That Sanity of Ours

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CHAPTER EIGHT

IT TOOK VIOLET a few good minutes to shake Diana Haster off her tail. The older woman seemed rather reluctant to let her go, pressing her for the details of their escape. However, those questions were all left unanswered because only Maddox Haster knew what the reply to them was. Violet merely tagged along, a piece of additional baggage that could’ve been detrimental to his escape.

“I’ll get you both some warm tea and food,” Diana said in the end, standing up from her seat. “It’s freezing cold outside and you both need something to warm up your bellies with.”

To that, Violet nodded appreciatively. The thought of a warm drink in such cold weather seemed wonderful. Despite sitting in the house by the fireplace for nearly an hour, her hands were still freezing cold.

“Yes please,” Violet all but sighed in gratefulness.

Smiling softly, Diana nodded.

“I’ll get the kettle going. Will you be a dear and get Maddox for me?”

With a new task on hand, Violet retreated from the living room in the direction she had last seen Maddox Haster.

Unlike the familiar halls of Steinfield Asylum, the humble cottage walls were completely foreign to Violet. She ran a hand down the wood that made up the interior of the cottage, holding the structure firmly up. Even though the wood was old, aged down by the hard and cruel hands of time, it still held a warmth that the asylum never had. Despite the frosty winter weather outside, the walls of Diana Haster’s cottage didn’t bite nor was it chilly.

It did, however, spark the feeling of jealousy and envy in Violet’s heart. For so long she had dreamed of having a home just like this one— a place filled with love and affection. She couldn’t mask her bitterness, cursing the world at how she couldn’t have a taste of something as simple as that.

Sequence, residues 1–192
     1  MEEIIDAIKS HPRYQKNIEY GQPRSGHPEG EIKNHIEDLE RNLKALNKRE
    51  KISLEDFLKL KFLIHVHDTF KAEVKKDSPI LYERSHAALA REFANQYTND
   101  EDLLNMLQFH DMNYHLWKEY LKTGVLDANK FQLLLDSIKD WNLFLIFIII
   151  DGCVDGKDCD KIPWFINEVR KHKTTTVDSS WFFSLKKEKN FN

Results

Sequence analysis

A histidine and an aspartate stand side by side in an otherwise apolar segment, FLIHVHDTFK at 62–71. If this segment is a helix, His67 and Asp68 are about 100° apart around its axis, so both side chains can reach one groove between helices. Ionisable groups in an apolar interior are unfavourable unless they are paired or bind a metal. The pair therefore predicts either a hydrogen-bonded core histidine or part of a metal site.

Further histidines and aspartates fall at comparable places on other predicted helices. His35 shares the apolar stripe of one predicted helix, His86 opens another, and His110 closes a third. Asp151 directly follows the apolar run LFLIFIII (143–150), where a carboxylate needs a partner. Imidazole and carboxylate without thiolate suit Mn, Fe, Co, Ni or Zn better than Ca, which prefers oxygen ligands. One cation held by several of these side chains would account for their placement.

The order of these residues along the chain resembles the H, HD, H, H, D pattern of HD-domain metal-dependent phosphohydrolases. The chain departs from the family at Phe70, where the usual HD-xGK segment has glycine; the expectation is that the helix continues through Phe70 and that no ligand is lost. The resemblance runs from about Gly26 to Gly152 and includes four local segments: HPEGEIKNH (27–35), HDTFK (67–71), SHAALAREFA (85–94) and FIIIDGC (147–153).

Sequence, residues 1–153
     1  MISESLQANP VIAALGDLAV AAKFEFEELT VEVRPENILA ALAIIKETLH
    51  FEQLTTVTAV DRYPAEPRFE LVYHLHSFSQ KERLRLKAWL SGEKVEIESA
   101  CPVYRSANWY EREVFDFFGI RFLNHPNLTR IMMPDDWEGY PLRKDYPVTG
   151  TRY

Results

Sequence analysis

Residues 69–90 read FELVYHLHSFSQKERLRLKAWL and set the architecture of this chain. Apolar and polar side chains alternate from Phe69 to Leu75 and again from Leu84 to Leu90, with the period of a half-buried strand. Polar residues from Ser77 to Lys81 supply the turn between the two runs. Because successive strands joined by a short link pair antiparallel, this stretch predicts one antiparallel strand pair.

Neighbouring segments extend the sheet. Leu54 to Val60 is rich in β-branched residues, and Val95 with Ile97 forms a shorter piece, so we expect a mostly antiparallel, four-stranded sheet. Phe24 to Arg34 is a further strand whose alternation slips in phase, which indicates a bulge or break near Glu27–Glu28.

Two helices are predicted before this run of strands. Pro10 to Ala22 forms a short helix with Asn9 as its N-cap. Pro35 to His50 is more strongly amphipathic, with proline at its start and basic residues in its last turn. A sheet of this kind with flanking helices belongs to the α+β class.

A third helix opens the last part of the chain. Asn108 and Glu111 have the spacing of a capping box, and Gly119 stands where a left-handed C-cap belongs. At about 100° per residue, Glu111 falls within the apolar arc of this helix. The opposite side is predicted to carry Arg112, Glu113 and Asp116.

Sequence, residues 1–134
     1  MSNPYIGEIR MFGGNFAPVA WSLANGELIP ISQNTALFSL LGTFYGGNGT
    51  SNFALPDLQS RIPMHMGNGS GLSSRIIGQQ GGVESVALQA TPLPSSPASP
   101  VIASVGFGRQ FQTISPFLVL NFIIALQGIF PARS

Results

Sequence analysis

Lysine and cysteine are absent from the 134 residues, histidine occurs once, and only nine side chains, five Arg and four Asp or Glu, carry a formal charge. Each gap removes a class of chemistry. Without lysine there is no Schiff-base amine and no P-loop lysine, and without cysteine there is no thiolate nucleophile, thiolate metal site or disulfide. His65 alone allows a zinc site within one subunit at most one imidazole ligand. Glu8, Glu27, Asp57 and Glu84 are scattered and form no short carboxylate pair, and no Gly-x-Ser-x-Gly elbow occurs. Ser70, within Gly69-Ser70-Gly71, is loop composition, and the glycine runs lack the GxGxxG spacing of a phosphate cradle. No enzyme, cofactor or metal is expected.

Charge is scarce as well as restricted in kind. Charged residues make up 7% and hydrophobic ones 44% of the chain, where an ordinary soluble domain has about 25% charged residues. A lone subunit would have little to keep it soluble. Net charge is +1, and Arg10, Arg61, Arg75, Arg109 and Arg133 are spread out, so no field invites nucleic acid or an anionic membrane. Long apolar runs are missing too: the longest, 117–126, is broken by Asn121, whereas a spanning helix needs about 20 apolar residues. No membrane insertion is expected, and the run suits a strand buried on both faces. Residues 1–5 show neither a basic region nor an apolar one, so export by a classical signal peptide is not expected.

Standing in front of the door Violet was sure Maddox Haster had disappeared behind, Violet hesitated. She raised a fist, preparing to knock. However, before she could, the door creaked open and out stepped Haster in a fresh set of clothes. A towel hung across his shoulders, droplets of water dripping from the tips of his fine hair as he stared dazedly at Violet.

She, in turn, quickly darted her attention away once she realized that Haster had disappeared into the shower just now and not just any other room. The tips of her ears felt hot, her cheeks red as she licked at her dry lips. The sight of her with that expression made Haster smirk.

“Relax,” he chuckled. “There’s nothing to see even if you wanted to. I, as any other proper gentleman should be, am fully clothed.”

“I didn’t say anything about clothing,” Violet immediately retorted. She pursed her lips, clearing her throat before turning back to look at Maddox Haster in the eye. “Your mother is looking for you. She has the kettle going on the stove and mentioned making food.”

The thought of something to eat placed a smile on Haster’s face— one that was much more sincere than the cheeky smirk he had shown Violet. He grinned, dimples forming as he took a step towards the dining area of the house.

“Well then, can’t keep the poor woman waiting, can we?”

With a skip in his step, Maddox Haster disappeared as quickly as he appeared. Violet had come to realize that it was a trait of his, to appear and vanish just as quickly as the other. Haster never liked to linger, always keeping himself on the move from one place to another. Maybe it was because of the lifestyle he led, jumping from one prison to another, and it simply reflected in his everyday life. Or perhaps it was something he always did before he was locked behind bars.

Either way, Violet wouldn’t know. She didn’t know him very well — or at all — before they met at Steinfield. Beforehand, Maddox Haster was a mere face on the daily paper, a murderer the law managed to catch.